The risk of brain tumours in hereditary non-polyposis colorectal cancer (HNPCC)

Int J Cancer. 1996 Feb 8;65(4):422-5. doi: 10.1002/(SICI)1097-0215(19960208)65:4<422::AID-IJC4>3.0.CO;2-Z.


Hereditary non-polyposis colorectal cancer (HNPCC) is known to be associated with several extracolonic cancers, e.g., cancers of the endometrium, stomach, urinary tract, small bowel and ovary. An association between HNPCC and brain tumours has also been reported, although previous risk analysis did not reveal an excess of this type of tumour. To determine whether HNPCC predisposes patients to brain tumours, we used risk analysis to compare families with HNPCC to those in the general population. Of the 1,321 subjects from 50 HNPCC families (with 60,237 person-years of follow-up) in the Dutch HNPCC Registry which satisfy the Amsterdam Criteria, 312 had colorectal cancer. The registry revealed 14 brain tumours in the HNPCC-patients and their first-degree relatives: 5 astrocytomas, 3 oligodendrogliomas, 1 ependymoma and 5 tumours for which a pathological report was not available. The relative risk of brain tumour in patients with HNPCC and their first-degree relatives was 6 times greater than in the general population (95% confidence interval, 3.5 to 10.1). After exclusion of the cases based only on family history, the relative risk was 4.3 (95% confidence interval, 2.3 to 8.0). Although the relative risk of brain tumour was increased, the lifetime risk was low (3.35%). Because it is not certain whether an improvement of the overall prognosis can be achieved by early diagnosis and intervention, and in view of the low lifetime risk, we do not recommend screening for brain tumours in HNPCC families.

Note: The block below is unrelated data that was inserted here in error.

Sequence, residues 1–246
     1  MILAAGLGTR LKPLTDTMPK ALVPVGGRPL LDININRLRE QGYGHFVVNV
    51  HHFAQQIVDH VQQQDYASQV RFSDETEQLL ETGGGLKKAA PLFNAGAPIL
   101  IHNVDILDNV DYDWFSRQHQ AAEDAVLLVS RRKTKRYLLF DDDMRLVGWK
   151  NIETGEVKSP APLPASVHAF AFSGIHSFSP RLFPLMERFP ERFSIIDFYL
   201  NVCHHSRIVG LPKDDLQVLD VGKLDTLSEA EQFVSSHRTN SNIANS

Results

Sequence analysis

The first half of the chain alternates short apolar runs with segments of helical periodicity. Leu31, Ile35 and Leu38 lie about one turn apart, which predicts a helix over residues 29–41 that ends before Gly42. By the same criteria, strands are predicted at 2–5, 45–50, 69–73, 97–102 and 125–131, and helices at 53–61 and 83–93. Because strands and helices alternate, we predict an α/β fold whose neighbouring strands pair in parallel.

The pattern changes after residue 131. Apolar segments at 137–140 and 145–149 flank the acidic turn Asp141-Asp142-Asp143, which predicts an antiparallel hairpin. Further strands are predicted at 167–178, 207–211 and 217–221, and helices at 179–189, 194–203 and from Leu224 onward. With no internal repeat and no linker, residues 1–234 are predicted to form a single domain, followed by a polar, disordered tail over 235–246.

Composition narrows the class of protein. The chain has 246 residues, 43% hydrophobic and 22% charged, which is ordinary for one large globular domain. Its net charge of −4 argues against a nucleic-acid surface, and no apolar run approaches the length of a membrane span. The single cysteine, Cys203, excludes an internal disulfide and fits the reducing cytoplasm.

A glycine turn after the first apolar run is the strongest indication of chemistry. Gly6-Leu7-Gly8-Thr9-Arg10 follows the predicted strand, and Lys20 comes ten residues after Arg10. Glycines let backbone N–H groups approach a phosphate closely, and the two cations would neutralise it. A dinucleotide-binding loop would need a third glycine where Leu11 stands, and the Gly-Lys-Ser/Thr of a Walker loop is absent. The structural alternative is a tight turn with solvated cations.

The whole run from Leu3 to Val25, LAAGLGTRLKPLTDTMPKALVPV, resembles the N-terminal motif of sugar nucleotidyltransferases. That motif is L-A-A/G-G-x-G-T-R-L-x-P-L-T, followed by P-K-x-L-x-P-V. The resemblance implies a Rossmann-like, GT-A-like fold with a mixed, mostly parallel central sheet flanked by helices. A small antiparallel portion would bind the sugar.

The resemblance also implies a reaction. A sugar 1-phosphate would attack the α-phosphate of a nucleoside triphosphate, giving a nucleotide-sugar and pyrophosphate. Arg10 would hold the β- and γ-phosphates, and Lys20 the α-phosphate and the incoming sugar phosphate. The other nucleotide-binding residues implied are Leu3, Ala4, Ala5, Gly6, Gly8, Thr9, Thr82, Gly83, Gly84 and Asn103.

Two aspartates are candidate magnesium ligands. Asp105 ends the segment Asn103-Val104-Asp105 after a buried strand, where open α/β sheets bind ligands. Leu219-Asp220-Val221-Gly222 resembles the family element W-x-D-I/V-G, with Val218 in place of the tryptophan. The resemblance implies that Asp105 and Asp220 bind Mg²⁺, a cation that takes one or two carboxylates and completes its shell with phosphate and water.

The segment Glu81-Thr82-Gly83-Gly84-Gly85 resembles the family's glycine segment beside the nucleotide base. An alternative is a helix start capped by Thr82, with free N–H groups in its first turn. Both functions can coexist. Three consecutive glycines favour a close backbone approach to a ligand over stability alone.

MeSH terms

  • Adolescent
  • Adult
  • Aged
  • Aged, 80 and over
  • Brain Neoplasms / etiology*
  • Child
  • Child, Preschool
  • Colorectal Neoplasms, Hereditary Nonpolyposis / complications*
  • Female
  • Humans
  • Infant
  • Male
  • Middle Aged
  • Pedigree
  • Risk